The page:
NFL Roundtable: Newton outshines Brady in Week 1
The NFL is back, and so too is our NFL Roundtable. This week we sat down with BetAmerica Extra columnists Ashley Anderson, James Scully, and Scott Shapiro to discuss Cam Newton’s dazzling debut, the NFL’s new normal, and Mitchell Trubisky’s Week 1 triumph.
Cam Newton and Tom Brady both debuted with new teams on Sunday. Which QB will have the better individual season?
Ashley: Cam had a solid first game, but once defenses game-plan for the Patriots’ new-look, run-focused offense, I suspect New England will unravel when forced to pass. Brady looked rusty at times Sunday and struggled to get on the same page as his super team of receivers. I expect the six-time Super Bowl winner to do everything in his power to correct the mistakes he and his offense made in Week 1 and bounce back for a stellar season that will exceed Newton’s.
James: Given the difference in skill players and a more favorable schedule, Tom Brady will have the better season. Newton played well in the opener, keeping Miami off balance by running the ball, but he lacks quality receivers. Brady put up good numbers despite a couple of picks, and Tampa Bay’s offense will improve significantly as he gets on the same page with his weapons.
Scott: Tom Brady is likely to play better than he did in the Buccaneers season opener, but I expect Cam Newton to have the better individual season. Not only is the 2015 Most Valuable Player significantly younger than Brady, but he appears healthy for the first time in awhile. Look for Patriots’ offensive coordinator Josh McDaniels to put the former Auburn Tiger star in positions to consistently succeed, much like he did in the New England 21-11 victory over Miami in Week 1.
We saw masks, witnessed empty stadiums, and heard pumped-in crowd noise during Week 1. What stood out to you most about the NFL’s new normal?
Ashley: The Chiefs vs. Texans kickoff on Thursday Night Football took some getting used to, at first. Seeing a nearly empty stadium for a regular-season game was odd, but when the cameras kept the focus tight on the field, I felt like I was watching a normal football game.
The masks on the sidelines are certainly a change — but warranted — and Andy Reid’s plastic shield was a sight to behold. By the end of the weekend, I had gotten used to the noticeable oddities and was hardly distracted by them.
James: The lack of home-field advantage stood out, with the Cowboys-Rams game seemingly being played in a neutral site because we’ve never seen the new stadium with fans. The pumped-in crowd noise also seems neutral. I thought it would be more home-team friendly, but it doesn’t appear to be any factor when watching the games.
Scott: There were a number of things that were odd about the NFL’s new normal, but it was the piped-in noise that stood out most. It will take getting used to not hearing the hometown fans going nuts after a big touchdown or a turnover, but I am just glad to have football back.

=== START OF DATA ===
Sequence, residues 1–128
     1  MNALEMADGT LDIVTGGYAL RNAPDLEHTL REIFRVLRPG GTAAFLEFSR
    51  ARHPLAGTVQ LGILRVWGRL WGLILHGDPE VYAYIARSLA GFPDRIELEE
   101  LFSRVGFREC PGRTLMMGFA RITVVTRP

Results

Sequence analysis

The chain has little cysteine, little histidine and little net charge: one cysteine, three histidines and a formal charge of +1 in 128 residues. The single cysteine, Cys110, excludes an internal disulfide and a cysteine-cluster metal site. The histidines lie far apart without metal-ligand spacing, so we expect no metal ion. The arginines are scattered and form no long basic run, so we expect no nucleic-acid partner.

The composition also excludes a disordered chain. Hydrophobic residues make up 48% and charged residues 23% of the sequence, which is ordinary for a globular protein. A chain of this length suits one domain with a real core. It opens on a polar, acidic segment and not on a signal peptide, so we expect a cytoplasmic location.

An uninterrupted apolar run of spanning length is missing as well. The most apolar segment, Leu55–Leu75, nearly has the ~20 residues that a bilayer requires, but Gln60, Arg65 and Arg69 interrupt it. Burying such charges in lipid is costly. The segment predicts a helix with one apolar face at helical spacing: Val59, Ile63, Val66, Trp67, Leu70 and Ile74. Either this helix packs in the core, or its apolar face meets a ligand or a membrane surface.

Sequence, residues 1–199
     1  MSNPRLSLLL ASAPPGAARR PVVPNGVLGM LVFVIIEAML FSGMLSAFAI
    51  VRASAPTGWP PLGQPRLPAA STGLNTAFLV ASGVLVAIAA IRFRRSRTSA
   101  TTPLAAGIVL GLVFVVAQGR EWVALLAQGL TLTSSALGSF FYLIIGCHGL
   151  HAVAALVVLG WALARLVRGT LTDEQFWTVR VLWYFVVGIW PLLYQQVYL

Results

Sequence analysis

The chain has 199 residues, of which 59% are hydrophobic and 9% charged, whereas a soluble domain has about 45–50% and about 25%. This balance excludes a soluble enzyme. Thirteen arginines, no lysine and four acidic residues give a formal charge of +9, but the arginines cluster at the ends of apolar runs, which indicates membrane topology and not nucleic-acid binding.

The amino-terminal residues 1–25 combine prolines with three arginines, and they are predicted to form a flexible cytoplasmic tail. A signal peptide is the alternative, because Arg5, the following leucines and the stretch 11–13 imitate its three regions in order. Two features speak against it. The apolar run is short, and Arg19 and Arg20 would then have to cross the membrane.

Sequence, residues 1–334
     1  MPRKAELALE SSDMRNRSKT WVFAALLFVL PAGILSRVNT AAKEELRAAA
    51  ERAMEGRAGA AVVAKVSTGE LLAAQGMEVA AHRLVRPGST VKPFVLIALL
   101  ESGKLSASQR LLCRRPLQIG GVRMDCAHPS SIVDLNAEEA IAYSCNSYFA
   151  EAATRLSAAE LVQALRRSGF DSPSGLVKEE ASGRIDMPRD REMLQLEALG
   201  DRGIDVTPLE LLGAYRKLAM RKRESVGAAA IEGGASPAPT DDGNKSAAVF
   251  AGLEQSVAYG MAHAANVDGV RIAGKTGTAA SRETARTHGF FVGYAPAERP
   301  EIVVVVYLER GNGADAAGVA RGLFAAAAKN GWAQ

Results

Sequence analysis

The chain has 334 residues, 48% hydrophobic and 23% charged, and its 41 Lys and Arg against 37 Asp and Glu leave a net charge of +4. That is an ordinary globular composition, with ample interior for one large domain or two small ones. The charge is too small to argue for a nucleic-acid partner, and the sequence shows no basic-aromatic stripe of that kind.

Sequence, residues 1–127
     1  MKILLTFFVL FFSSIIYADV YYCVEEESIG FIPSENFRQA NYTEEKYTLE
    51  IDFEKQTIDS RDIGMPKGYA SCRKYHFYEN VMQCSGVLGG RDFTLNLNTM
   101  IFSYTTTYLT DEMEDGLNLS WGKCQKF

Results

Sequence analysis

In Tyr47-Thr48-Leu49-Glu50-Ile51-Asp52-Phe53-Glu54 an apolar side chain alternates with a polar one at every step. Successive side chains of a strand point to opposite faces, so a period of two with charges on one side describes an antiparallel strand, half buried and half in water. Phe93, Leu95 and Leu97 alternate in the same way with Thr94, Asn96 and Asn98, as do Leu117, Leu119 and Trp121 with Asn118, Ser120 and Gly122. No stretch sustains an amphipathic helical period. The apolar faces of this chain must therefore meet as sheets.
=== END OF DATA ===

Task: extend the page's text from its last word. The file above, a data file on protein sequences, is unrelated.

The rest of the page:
Mitchell Trubisky led Chicago to a big comeback on Sunday against Detroit. It feels weird to be writing this, but is the Bears’ much maligned QB actually good?
Ashley: I don’t put much weight in that fourth-quarter comeback. The first half, Trubisky went 8-of-20 for 110 yards, and 0-of-6 on third down in front of a completely empty Ford Field.
Trubisky turned it around in the fourth by completing 8 of 10 passes for 89 yards and three touchdowns. That was after the Lions lost Desmond Trufant and Justin Coleman to injuries, plus linebacker Jamie Collins got ejected.
The Lions owned the worst pass defense in the league last year, so it’s not like Trubisky had his work cut out for him, even before three Lions defenders left the game. This is the Trubisky we’ve known all along. I’m ready for Nick Foles to get a chance as the starter.
James: Too early to get excited about Mitchell Trubisky. He still looked like a deer in the headlights at times early in the game, and basically gave Detroit a touchdown at the end of the first half. However, his fourth-quarter performance couldn’t be any bigger for his confidence. Chicago has the personnel and schedule to win a lot of games if he plays to expectations, and the opener was a step in the right direction.
Scott: Trubisky played well down the stretch in Week 1, but I still do not believe he is a quality starting QB in the National Football League. The second overall selection in the 2017 NFL Draft was awful for most of the game against one of the league’s worst defenses. Sure, he showed some heart and determination rallying the Bears from 17 points down in Detroit, but I need see him do it far more often to believe he has turned a corner in 2020.